Surfing program promotes alternative to gang life

Streetwaves program in 8th year

MIAMI BEACH, Fla. – With his toes in the sand, a 16-year-old boy showed off the gunshot wound on his right foot that he got outside his Overtown home.

"Like we are having this conversation, somebody ran up and starting shooting," he said.

On Saturday the teen was focused on learning how to surf through a program called Streetwaves, which partners with area nonprofits to introduce young people to surfing.

The program was founded by Maui Goodbeer, who took sought solace in the ocean after losing his brother, Melvin, to gang violence.

Melvin was 21 years old when he was shot and killed by a 16-year-old in their hometown of San Diego.

At his brother's funeral, Goodbeer made a promise that he would use his talents to help disadvantaged youth. 

"I know that that if you are in the ocean with me surfing, they are not on the streets, not getting themselves into trouble and they're not in harm's way," said Goodbeer.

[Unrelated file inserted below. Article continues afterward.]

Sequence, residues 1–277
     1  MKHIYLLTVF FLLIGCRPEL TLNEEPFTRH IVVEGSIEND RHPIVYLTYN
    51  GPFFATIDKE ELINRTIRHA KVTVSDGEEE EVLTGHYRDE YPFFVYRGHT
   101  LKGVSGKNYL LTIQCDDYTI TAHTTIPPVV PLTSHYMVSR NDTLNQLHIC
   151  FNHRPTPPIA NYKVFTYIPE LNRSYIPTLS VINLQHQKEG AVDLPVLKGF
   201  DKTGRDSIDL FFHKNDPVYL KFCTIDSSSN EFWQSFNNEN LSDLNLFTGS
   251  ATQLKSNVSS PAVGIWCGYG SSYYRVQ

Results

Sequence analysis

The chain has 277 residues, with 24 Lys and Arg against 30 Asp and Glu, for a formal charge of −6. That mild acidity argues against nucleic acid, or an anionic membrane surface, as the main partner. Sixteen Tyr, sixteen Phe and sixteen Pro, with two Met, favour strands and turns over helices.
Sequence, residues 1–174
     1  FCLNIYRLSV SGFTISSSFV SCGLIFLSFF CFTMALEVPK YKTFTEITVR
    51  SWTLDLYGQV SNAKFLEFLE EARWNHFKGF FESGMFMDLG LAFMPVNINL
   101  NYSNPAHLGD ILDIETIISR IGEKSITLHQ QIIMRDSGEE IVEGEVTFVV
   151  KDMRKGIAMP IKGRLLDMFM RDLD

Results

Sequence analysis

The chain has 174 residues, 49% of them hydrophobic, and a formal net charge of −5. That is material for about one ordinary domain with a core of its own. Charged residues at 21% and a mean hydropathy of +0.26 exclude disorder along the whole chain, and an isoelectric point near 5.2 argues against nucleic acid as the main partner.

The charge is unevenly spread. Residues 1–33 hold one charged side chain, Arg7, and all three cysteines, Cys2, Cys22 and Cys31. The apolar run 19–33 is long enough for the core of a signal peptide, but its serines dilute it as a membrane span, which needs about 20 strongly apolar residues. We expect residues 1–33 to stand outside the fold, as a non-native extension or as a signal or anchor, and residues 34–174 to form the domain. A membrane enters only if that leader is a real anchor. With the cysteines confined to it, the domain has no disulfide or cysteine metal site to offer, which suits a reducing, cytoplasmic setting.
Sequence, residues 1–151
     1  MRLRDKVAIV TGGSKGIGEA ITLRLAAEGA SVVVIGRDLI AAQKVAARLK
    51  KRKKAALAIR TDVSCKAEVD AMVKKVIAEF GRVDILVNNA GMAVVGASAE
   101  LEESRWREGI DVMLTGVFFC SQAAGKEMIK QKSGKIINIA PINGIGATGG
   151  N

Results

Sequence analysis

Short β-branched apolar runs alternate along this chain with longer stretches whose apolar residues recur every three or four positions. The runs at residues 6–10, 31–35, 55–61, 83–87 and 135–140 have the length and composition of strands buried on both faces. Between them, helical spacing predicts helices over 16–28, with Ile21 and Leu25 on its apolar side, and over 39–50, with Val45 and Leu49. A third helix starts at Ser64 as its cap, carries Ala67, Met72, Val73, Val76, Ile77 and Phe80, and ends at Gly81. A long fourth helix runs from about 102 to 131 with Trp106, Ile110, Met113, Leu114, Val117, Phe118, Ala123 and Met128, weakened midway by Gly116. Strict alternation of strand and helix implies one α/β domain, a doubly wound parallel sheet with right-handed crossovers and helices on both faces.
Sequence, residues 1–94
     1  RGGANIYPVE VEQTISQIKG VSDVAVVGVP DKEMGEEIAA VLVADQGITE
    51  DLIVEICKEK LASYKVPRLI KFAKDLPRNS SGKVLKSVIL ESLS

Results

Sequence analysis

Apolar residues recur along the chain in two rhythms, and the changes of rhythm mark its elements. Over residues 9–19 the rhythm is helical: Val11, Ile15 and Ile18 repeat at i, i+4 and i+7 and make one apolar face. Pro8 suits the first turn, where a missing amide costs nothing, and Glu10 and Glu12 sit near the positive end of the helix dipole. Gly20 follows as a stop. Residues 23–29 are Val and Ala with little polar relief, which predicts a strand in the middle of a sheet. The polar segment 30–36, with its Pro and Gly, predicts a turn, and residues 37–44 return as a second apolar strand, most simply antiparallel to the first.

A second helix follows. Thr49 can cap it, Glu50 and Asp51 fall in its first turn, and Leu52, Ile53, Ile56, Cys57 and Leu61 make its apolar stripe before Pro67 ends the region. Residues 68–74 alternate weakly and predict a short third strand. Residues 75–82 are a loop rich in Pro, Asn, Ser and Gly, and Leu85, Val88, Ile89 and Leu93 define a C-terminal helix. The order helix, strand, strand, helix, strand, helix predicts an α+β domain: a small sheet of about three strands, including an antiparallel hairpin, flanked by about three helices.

A group of students met for their first class on Saturday. 

"Kids come to the ocean in their socks, they don't realize getting sand between their toes," he said. "I see girls putting Publix shopping bags on their hair. We're about three miles from communities where kids never come to the ocean."

After they learned the basics, it was time to hit the ocean.

Since a mix of the students involved in the classes are foster children, their names could not be used in this article for security reasons.

A girl who aspires to be a singer  said the program provides a brand of positivity more children need.

"Positive people, people who have energy, and who aren't scared to do positive things," she said. "It's easy to be negative because others are negative."

Trust is a major part of surfing, and  the new surfers must learn to trust the volunteers. 

David Neossant, known as "Flash," used to be a foster child and met Goodbeer on the beach 10 years ago.

He's now a volunteer with the program. 

"It gave me a different perspective on life, instead of seeing cars, music, people and streets all the time," said Neossant.

Goodbeer hopes this first surfing lesson won't be their last time on the board, he hopes they too will find solace in the sea.

"The sea is savior to many. I have seen so many lives transformed," said Goodbeer.

For more on Streetwaves, go to streetwaves.org. For more on the Little Lighthouse Foundation, go to thelittlelighthouse.org

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